Traffic crashes are one of the leading causes of preventable deaths in the United States. Nearly 20% of these fatalities include pedestrians or bicyclists who were hit and killed. The 2022 Dangerous by Design report shows there has been a 62-percent increase in pedestrian fatalities since they began to rise in 2009 following years of improvement. Despite these alarming figures, there has not been a consistent, widespread public call for action to improve road safety.

One potential explanation for the lack of public concern is how these traffic crashes are covered in the media. Research has regularly shown that news coverage affects public attitudes significantly. According to studies, U.S. media outlets frequently use problematic, passive language (for instance, stating that “a bicyclist was struck” rather than “a driver hit a bicyclist”), accuse pedestrians of being at fault before blaming drivers, and portray crashes as unfortunate and isolated incidents rather than as part of a consistent pattern affecting the nation. In addition, many journalists still refer to crashes as “accidents” more than six years after the Associated Press initially cautioned them against doing so, furthering the public’s misconception that traffic fatalities cannot be averted. This method of reporting is likely a factor in the relatively low public outrage around the deaths of pedestrians and cyclists. By slightly changing their reporting, journalists can break these tendencies. Even small adjustments in writing style could boost public pressure to lower traffic fatalities by alerting people to the connections between what at first glance appear to be isolated incidents.

In an effort to publish crash reports as quickly as possible, many busy journalists rely exclusively on police crash reports. Additionally, many police agencies use social media platforms, like Facebook and Twitter, to interact directly with the general public. This means that even if press coverage improved, much of the public would receive inadequate coverage. To improve the public’s experience with information about traffic collisions, it seems sensible to start with the official source, that is, the police press releases.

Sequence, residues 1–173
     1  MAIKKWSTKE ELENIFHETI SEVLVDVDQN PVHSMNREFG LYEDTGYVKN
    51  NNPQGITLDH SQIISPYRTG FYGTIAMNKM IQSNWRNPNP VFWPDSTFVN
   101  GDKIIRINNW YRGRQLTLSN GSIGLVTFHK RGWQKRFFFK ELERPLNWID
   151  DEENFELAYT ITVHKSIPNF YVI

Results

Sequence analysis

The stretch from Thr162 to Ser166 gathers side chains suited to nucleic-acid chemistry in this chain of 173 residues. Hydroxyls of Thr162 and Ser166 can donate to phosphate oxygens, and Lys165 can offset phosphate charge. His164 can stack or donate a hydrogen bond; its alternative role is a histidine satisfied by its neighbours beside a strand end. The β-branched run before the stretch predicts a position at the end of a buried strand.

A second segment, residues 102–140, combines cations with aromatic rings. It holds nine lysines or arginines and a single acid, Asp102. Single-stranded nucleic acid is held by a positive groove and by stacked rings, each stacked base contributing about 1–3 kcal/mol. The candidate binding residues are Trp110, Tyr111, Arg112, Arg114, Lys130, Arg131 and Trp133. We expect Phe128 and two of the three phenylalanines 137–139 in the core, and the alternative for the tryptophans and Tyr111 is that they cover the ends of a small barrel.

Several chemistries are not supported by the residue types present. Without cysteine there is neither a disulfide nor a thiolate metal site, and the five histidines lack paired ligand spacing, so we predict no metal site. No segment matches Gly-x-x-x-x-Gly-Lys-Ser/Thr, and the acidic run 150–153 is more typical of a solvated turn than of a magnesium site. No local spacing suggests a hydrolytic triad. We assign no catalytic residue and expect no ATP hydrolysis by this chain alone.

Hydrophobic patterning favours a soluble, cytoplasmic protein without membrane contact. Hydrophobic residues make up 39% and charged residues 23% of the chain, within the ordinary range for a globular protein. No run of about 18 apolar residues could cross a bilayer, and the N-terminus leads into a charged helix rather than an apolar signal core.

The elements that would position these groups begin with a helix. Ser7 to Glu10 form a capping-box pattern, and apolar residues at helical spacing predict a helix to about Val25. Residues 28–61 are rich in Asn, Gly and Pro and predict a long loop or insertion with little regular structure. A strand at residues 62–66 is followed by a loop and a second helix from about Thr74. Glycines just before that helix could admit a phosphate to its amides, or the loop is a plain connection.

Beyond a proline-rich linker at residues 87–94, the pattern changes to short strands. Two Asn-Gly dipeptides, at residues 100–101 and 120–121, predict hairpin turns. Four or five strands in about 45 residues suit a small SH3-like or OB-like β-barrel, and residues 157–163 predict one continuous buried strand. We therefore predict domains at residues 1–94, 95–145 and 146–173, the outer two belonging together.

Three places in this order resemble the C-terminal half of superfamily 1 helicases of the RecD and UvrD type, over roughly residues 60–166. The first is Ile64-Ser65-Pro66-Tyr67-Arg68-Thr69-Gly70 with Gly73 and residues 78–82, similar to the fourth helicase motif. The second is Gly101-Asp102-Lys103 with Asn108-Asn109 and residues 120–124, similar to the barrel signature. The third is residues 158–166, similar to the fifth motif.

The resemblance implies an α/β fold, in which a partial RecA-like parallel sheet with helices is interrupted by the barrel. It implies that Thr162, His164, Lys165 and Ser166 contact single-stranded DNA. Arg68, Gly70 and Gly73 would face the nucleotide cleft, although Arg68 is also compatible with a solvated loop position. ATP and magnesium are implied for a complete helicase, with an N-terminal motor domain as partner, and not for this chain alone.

An innovative pilot study was conducted by Associate Professor Kelcie Ralph, Tara Goddard, Calvin Thigpen, and Raymond Davis to reshape the language of the police press releases that journalists rely on for their coverage. More and more individuals are getting their crash information straight from the police. Therefore, improving the language used in police press releases may have the twofold benefits of improving both news coverage and direct public communications from police departments.

The researchers created a brief training program specifically for police officers, after which they sought the officers’ opinions. Since it was a test initiative, the number of officers offering feedback was small. The police officers were presented with nine recommendations during the training (shown in Figure 1) and were asked for their opinions.

Figure 1. Recommendations for improving press releases. (Source: Ralph et al., 2022)

Figure 2 displays the survey’s findings. The majority of participants chose four recommendations which included using object-based language, eliminating the use of the word “accident,” omitting exculpatory quotes from drivers and including details about the crash site.

Figure 2. Officer’s feedback on Press Release guidance (N = 37). (Source: Ralph et al., 2022)

The researchers amended their suggestions in light of the survey results and conversations with police, legal experts, and media (see the final version here). The following are five crucial recommendations provided by the researchers to improve police press releases:

  1. Use “crash”, not “accident”:  The word “accident” implies that collisions are unavoidable and cannot be prevented.
  2. Clearly describe the collision: Include a reference to the driver and make them the sentence’s primary subject rather than the person who was hit. The sentence’s focus is often held more accountable for what has occurred. Even when it is not evident who was at fault, pedestrians are the subject of most of the current coverage of traffic collisions (about 75% of the time).
  3. Carefully consider whether to include descriptions of the individuals walking and biking: Details regarding clothing color, for instance, don’t explain why the crash occurred.
  4. Exclude statements from drivers avoiding responsibility: Omit the quotes from drivers stating, “I didn’t see them” or “They darted out”. Also, the line “the driver is complying” should be left out. Cooperation with police is required by law and this phrase is not typically included for other types of incidents.
  5. Specify the pertinent features of the crash site and the road: Consider providing information in the report on the type of roadway, the number of lanes, the posted speed limit, the presence of clear walkways, lighting, etc.

Click here to read the full study.


Ralph, K., Goddard, T., Thigpen, C., Davis, R. (2022). Intervening at the blotter, not the broadcast: Improving crash coverage by targeting police press releases. Transportation Research Interdisciplinary Perspectives, Volume 15, 2022. Retrieved from

Wilson, K. (2022). Study Seeks To Get Cops To Write Better Crash Reports. Streetsblog USA. Retrieved from

Goddard, T., Ralph, K., Thigpen, C., Iacobucci, E. (2019). Does news coverage of traffic crashes affect perceived blame and preferred solutions? Evidence from an experiment. Transportation Research Interdisciplinary Perspectives. Retrieved from

Ralph, K. (2020). Opinion: To Save Lives, Let’s Cover Crashes Better. Transfer Magazine. Retrieved from

Ralph, K., Iacobucci, E., Goddard, T., & Thigpen, C. (2019). Editorial patterns in Bicyclist and Pedestrian Crash Reporting. Transportation Research Record. Retrieved from